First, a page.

Why Anti-Depressant Zoloft Works Best for Less Severe Alcoholics

SSRI pill (Zoloft) pack in bowl on table
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One of the ways that alcohol can affect the brain is by damaging the functioning of serotonin, a chemical that influences mood, sleep, appetite, temperature regulation, and mood.

Consequently, people who struggle with alcohol dependence often report problems with depression and anxiety. Their health care providers will typically prescribe selective serotonin reuptake inhibitors to help them maintain optimal levels of serotonin.

"SSRIs are the most widely prescribed class of anti-depressants," said William Dundon, senior research investigator in the department of psychiatry at the University of Pennsylvania School of Medicine. "SSRIs work by affecting the level of serotonin in the brain and elsewhere in the body. In the brain, serotonin is thought to influence mood, emotions, sleep, appetite, and temperature regulation."

Research has found, however, that SSRIs—such as sertraline (Zoloft)—do not work well for some alcoholics.

Zoloft Doesn't Work for All Alcoholics

To determine why SSRIs help some patients with alcohol use disorders and not others, Dundon and his colleagues examined two categories of alcoholics defined by researcher Thomas Babor of the University of Connecticut.

Babor divided individuals with alcohol problems into two groups, Type A and Type B. Type A alcoholism is environment-based and generally occurs later in life, while Type B alcoholism is genetics based and arises early in life.

According to Babor's research, Type B alcoholism tends to have a greater adverse impact than Type A alcoholism. Generally speaking, Type B alcoholism is more severe and higher risk than Type A alcoholism.

During the study, 100 alcoholics were given a three-month course of either sertraline (200 mg/day) or placebo capsules and individual therapy based on the Alcoholics Anonymous framework. The 55 Type A alcoholics and the 45 Type B alcoholics were later interviewed about their alcohol consumption.

Zoloft Helps Type A Alcoholics

The researchers compared monthly alcohol consumption for the six months following treatment to alcohol consumption during the last month of treatment. Dundon's study found that Type A alcoholics had a better treatment response to Zoloft than did Type B alcoholics.

During the six months following treatment, Type A alcoholics treated with Zoloft maintained their gains, while Type B alcoholics did not.

Maintained Positive Results

Specifically, the Dundon study found:

  • Type A alcoholics who took Zoloft maintained, for at least six months after treatment ceased, the positive results they obtained during treatment
  • Type B alcoholics treated with Zoloft continued to show no pharmacotherapeutic benefits during the six-month period following treatment.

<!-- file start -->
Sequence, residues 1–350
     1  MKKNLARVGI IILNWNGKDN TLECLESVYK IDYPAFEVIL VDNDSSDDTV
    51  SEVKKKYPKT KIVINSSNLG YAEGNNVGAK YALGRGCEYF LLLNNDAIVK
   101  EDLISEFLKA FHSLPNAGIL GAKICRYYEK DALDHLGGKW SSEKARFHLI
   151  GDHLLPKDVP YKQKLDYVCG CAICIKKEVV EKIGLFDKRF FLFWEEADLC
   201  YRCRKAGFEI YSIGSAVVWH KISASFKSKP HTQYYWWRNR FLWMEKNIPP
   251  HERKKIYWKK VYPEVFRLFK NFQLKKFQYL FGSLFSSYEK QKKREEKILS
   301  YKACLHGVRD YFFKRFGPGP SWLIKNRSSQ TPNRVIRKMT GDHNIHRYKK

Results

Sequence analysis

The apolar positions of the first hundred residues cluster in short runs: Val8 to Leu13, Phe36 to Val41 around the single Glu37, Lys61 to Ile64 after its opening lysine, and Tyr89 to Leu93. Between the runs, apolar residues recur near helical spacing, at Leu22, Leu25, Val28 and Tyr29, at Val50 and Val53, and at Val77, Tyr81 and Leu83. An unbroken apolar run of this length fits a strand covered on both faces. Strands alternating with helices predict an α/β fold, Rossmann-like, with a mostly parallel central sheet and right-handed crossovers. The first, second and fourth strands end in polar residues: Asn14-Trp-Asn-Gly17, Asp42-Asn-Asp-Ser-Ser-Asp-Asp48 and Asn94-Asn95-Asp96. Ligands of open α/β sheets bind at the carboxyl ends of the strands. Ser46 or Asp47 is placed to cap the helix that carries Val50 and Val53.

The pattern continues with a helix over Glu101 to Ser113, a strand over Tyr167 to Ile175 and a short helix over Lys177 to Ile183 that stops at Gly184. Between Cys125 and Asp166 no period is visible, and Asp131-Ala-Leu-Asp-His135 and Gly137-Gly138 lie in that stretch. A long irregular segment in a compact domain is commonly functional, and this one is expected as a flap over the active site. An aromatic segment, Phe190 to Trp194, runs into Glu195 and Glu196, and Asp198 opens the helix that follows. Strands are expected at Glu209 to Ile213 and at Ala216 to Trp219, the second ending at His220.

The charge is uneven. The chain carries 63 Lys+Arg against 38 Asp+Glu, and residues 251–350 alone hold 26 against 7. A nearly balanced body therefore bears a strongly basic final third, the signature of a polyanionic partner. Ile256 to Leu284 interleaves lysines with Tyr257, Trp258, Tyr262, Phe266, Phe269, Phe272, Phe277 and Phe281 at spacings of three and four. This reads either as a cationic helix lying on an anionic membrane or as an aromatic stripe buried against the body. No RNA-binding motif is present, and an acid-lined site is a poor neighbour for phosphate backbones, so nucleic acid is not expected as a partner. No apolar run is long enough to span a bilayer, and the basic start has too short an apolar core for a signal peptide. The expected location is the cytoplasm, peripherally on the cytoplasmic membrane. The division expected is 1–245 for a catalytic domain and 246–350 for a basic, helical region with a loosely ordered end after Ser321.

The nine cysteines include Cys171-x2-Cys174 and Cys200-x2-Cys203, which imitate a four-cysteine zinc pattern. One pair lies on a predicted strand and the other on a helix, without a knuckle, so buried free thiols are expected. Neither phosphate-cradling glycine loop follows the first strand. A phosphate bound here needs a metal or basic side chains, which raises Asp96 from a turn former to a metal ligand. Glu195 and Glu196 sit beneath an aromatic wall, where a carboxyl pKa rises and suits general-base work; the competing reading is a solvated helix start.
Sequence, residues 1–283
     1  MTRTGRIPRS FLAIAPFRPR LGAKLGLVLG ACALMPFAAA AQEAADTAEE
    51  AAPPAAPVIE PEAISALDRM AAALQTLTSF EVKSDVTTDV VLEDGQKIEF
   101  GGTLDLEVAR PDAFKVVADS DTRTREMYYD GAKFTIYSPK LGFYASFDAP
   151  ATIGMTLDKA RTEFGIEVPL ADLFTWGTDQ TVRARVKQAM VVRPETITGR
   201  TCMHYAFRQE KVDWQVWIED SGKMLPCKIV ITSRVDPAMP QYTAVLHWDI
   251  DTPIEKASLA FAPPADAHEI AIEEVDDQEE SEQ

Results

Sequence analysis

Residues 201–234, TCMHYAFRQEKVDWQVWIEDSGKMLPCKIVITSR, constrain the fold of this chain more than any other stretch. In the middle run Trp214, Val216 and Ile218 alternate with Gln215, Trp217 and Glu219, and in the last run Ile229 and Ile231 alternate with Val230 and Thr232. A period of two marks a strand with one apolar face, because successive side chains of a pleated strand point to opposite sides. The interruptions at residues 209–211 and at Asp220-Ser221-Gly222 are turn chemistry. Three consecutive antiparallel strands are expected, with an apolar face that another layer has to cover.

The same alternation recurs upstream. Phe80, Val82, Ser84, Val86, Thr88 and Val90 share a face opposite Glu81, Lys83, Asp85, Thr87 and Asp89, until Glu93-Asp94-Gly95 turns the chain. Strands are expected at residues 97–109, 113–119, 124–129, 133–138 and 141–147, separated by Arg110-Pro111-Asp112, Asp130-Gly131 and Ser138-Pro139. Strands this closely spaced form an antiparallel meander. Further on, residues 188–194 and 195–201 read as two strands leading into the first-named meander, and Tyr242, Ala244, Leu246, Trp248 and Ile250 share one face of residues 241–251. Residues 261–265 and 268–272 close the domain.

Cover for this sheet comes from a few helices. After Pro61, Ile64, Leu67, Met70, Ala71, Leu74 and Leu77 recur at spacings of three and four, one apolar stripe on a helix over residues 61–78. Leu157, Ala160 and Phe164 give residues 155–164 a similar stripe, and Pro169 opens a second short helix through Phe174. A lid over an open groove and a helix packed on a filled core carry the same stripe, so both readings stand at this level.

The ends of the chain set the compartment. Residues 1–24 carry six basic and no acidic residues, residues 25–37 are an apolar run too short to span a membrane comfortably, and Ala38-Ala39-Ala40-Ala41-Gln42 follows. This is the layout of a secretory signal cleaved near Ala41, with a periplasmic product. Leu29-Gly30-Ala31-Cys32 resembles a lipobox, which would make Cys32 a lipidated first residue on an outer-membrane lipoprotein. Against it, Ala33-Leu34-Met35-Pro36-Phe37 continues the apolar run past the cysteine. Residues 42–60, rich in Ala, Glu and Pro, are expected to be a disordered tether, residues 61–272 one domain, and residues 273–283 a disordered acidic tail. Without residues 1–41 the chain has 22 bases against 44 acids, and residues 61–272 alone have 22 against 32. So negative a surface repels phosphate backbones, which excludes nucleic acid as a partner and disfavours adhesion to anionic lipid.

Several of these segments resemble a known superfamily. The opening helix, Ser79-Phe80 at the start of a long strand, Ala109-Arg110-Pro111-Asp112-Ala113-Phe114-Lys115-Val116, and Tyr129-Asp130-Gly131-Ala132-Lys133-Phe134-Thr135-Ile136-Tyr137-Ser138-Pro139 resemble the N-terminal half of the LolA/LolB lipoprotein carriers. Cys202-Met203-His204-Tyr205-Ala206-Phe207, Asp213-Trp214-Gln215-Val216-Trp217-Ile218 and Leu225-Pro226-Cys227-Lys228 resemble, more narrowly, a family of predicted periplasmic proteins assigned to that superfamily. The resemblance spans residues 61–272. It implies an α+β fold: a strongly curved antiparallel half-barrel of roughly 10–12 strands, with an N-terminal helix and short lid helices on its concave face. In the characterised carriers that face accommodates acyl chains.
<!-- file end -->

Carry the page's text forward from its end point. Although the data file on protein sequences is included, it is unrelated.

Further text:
• For Type B alcoholics, heavy drinking actually increased during the six months following treatment with Zoloft.

SSRIs Are Not Appropriate for Type B Alcoholics

"We appear to have identified a subgroup of alcoholics, Type As, who responded well to sertraline during treatment and maintained their gains over a six-month period after ending treatment," said Dundon.

"However, there is another subgroup, Type Bs, for whom SSRIs may not be appropriate. This subgroup seemed to maintain their gains from the AA-based individual therapy only if they had not received sertraline," he said.

The reason the researchers examined Babor's two types of alcoholics is due to previous research that suggested that there were differences in serotonin metabolism between the two groups. Type B alcoholics were found to have more abnormalities in serotonin metabolism, in the earlier study, and it was thought that group would be more likely to respond to Zoloft treatment. However, the Type B alcoholics did worse on the SSRI treatment and during the six-month, post-treatment period.

Implications for Alcoholism Treatment Plans

The researchers concluded that being able to determine whether alcoholics entering treatment are either Type A or Type B could be helpful in developing a treatment plan.

"I think our study clearly suggests that there may be ways to subtype alcoholics and that these different subgroups of alcoholics may respond differently to the same treatment," Dundon said. "Numerous classification schemes have been proposed to differentiate types of alcoholics. Our study supports the usefulness of the Babor Type A and Type B classification system.

Study Confirms Babor's Type A and B Alcoholics

Later research by the Public Health Institute and the University of California, San Francisco using data from the National Epidemiologic Survey on Alcohol and Related Conditions confirmed that Type A and Type B alcoholics exist in real life.

The study found that Type B alcoholics in the general population, compared to Type As, had higher alcohol severity and more co-occurring drug, mental, and physical health problems.

Type B alcoholics were twice as likely to be alcohol dependent three years later and more likely to be heavy drinkers and drug dependent.

If you or a loved one are struggling with substance use or addiction, contact the Substance Abuse and Mental Health Services Administration (SAMHSA) National Helpline at 1-800-662-4357 for information on support and treatment facilities in your area.

For more mental health resources, see our National Helpline Database.

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